Burglar raided friend’s home disguised in forensic suit in row over £5 debt

Burglar raided friend’s home disguised in forensic suit in row over £5 debt

Burglar John Walton wore a police forensic suit as a bizarre disguise while raiding his friend’s home because of a £5 debt.

But ironically the work of crime scene investigators who found his DNA at the property has now put the serial offender behind bars.

And when officers arresting Walton, of Chopwell, Gateshead, asked him what he was doing with a bag containing a white suit and a bat he said he had found them, adding: “Here man, it’s mad around Chopwell”.

Walton, of Chopwell in Gateshead, targeted the home of his former pal Daniel Foster after he failed to pay back the last £5 of a sum of £100 he owed him, Newcastle Crown Court was told.

After smashing his way inside through a back door, he used a baseball bat to damage a television.

Terrified Mr Foster, who was in bed at the time, was woken by the sound of the break-in and climbed out of an upstairs window onto the roof to escape the intruder.

Walton was arrested after a witness spotted someone wearing white forensic overalls near the property.



John Walton, from Chopwell, who has been jailed

The court heard that when officers found him, in trees nearby, he had a bag with him containing the white suit, a balaclava and a cap.

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And on police bodyworn camera footage he can be heard telling officers he had found the bag.

Walton, 28, of Forth Street in Chopwell, was jailed for 39 months after pleading guilty to burglary and unrelated offences of wounding and possession of a bladed article.

In locking him up the judge, Recorder Toby Hedworth QC, told him: “You have a significant number of convictions for serious offences. If this sort of behaviour continues, if you continue to have fights with people in your neighbourhood, the courts will very soon lose patience with you and the sentences will become longer and longer.”

Jane Foley, prosecuting, explained how the burglary happened after Walton fell out with Mr Forster.

“The victim of the burglary is a man called Daniel Foster,” she said. “He had been a friend of the defendant up until June of this year when the friendship soured due to a £100 debt.”

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The court was told that Mr Foster had paid £95 back to Walton, but still owed him £5.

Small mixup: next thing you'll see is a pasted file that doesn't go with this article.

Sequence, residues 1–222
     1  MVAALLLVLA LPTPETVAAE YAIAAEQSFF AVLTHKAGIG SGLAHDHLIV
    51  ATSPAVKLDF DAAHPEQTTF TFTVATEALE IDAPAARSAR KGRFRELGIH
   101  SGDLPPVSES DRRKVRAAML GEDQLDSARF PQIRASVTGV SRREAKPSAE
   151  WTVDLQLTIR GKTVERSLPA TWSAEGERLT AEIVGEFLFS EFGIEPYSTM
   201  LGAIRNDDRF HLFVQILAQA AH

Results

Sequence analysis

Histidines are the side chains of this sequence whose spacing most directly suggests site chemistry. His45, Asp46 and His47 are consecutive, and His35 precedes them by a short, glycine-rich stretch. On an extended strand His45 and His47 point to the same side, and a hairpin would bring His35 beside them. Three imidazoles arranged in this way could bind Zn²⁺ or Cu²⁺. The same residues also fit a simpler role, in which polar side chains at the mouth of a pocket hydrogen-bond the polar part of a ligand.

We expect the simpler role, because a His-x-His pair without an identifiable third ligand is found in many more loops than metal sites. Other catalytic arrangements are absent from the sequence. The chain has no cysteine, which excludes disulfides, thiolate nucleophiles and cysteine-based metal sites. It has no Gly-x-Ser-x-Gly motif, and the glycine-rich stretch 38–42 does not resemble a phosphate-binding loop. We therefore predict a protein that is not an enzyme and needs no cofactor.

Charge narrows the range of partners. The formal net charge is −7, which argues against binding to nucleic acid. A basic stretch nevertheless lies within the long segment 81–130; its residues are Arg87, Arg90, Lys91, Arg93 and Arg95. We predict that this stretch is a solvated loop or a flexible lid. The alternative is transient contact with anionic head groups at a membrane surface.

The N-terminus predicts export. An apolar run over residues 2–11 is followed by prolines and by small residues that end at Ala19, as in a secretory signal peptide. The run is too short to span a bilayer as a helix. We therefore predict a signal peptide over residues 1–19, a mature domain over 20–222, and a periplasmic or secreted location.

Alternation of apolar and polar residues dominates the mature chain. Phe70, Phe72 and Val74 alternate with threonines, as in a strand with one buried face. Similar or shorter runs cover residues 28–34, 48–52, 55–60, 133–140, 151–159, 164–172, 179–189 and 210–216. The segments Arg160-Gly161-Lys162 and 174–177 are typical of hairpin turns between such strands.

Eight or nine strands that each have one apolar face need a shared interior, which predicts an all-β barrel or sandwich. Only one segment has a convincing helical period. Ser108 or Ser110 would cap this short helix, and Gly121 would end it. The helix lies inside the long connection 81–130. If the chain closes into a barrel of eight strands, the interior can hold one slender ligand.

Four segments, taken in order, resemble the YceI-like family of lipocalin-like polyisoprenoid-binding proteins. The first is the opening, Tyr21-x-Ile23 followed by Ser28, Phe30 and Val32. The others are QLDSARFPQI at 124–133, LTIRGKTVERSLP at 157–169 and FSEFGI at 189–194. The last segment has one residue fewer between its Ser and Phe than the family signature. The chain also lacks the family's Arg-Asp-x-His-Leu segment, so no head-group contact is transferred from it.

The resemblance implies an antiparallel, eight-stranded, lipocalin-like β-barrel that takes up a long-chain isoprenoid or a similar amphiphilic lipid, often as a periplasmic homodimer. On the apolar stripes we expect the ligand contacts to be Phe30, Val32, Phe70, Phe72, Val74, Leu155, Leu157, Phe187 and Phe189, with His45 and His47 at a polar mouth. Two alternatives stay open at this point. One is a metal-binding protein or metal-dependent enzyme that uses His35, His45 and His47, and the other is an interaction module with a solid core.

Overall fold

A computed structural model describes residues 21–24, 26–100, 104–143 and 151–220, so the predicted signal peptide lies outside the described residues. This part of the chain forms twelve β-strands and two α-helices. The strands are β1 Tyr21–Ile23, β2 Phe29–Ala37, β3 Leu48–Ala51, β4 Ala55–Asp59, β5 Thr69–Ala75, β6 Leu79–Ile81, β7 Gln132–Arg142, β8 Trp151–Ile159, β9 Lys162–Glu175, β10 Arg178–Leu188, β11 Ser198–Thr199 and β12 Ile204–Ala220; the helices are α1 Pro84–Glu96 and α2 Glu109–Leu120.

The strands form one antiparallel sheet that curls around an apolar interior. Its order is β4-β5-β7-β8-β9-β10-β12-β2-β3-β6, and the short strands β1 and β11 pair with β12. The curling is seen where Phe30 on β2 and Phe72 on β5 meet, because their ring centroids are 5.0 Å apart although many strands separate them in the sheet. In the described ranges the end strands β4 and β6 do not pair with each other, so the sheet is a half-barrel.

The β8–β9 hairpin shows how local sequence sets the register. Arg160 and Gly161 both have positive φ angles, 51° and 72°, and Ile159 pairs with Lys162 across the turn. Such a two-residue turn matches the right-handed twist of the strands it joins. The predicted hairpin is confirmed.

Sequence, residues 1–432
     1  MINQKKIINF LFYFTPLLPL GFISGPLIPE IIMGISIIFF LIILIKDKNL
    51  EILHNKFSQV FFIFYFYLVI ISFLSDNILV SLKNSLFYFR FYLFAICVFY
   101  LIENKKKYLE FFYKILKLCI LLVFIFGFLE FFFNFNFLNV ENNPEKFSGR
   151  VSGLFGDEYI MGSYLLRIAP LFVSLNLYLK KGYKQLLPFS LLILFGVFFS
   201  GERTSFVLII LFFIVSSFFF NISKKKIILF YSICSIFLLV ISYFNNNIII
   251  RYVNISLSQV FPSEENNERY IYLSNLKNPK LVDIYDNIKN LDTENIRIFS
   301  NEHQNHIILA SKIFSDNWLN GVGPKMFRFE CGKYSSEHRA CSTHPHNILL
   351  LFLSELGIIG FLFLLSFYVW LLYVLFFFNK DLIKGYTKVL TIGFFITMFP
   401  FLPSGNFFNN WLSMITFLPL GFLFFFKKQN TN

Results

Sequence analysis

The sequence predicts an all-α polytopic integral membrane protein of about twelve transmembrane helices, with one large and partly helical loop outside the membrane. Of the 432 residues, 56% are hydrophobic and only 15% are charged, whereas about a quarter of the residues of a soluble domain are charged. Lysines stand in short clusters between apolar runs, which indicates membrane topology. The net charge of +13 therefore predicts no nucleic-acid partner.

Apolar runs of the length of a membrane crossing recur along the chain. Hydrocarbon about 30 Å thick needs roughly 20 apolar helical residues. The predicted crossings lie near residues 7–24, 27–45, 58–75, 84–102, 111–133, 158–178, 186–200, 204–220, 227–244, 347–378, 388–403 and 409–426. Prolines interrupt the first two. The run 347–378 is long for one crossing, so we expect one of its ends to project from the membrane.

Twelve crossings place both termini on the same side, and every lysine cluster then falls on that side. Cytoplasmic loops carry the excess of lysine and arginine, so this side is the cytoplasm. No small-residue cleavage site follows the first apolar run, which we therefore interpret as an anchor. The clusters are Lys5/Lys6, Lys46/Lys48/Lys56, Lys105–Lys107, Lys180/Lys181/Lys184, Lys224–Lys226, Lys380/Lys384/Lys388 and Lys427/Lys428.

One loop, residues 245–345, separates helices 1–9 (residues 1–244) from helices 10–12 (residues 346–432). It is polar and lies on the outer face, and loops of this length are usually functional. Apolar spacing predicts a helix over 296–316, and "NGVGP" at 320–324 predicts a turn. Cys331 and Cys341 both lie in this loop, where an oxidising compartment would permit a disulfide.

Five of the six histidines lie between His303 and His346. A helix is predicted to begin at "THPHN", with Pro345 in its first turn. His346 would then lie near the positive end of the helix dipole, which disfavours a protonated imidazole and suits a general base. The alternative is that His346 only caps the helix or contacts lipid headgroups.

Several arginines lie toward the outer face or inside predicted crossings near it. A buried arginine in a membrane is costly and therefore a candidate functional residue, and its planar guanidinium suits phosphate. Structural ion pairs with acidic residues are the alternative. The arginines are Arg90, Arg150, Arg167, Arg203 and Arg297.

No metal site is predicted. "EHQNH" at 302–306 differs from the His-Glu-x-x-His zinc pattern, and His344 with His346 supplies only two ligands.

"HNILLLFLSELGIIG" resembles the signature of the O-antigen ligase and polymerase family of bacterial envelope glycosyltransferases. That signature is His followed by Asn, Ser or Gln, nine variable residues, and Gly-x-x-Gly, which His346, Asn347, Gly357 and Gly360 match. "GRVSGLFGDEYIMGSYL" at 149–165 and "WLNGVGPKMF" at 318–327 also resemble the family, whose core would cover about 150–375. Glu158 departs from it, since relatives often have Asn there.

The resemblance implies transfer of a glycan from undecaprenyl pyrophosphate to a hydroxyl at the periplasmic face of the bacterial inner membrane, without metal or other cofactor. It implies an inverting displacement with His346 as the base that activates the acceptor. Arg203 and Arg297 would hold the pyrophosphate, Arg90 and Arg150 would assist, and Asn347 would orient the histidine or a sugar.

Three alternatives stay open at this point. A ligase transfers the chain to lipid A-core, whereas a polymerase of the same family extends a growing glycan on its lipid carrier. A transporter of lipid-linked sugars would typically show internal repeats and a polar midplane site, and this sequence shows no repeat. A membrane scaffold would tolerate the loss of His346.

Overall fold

“At 2.14am Mr Foster was asleep in his home. He was woken by the sound of someone trying to smash a glass panel,” Ms Foley continued. “He jumped out of his bed and climbed on to the flat roof of his kitchen.”

When Mr Foster eventually re-entered his home he discovered his television had been smashed, and the glass panel on his door was broken.



Newcastle Crown Court

Police were called, and as they began investigating the burglary a member of the public told officers they had seen a man nearby wearing what looked like a white forensics suit, the court heard.

Police found Walton soon after and he had the bag with the suit and other items with him.

When Mr Foster’s home was examined forensically traces of blood were found on the television.

Ms Foley added: “The blood found at the scene contained the defendant’s DNA profile.”

The court also heard details of an attack Walton had carried out on a Chopwell resident, on August 19.

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The court was told that the victim was woken up at around 6am by the defendant’s brother, who was banging on his door.

He chased him away with a golf club, which he took with him when he went to the local shop at around 10.30am.

“As he approached the shop he saw the defendant leaving the shop and shouted he wanted a word with him,” said Ms Foley. “He saw the defendant pulling something from his pocket.”

He had a knife and a small screwdriver, the court heard.

“The two men began to fight and the complainant struck the defendant with a golf club. He did so until it snapped.

Walton then stabbed the victim in the thigh.

Tony Davis, defending, said that it ‘beggars belief’ that the victim of the attack had not been charged with an offence himself.

“This was a significant degree of provocation, and perhaps self-defence gone too far,” he said. “The defendant accepts that he stabbed him.”

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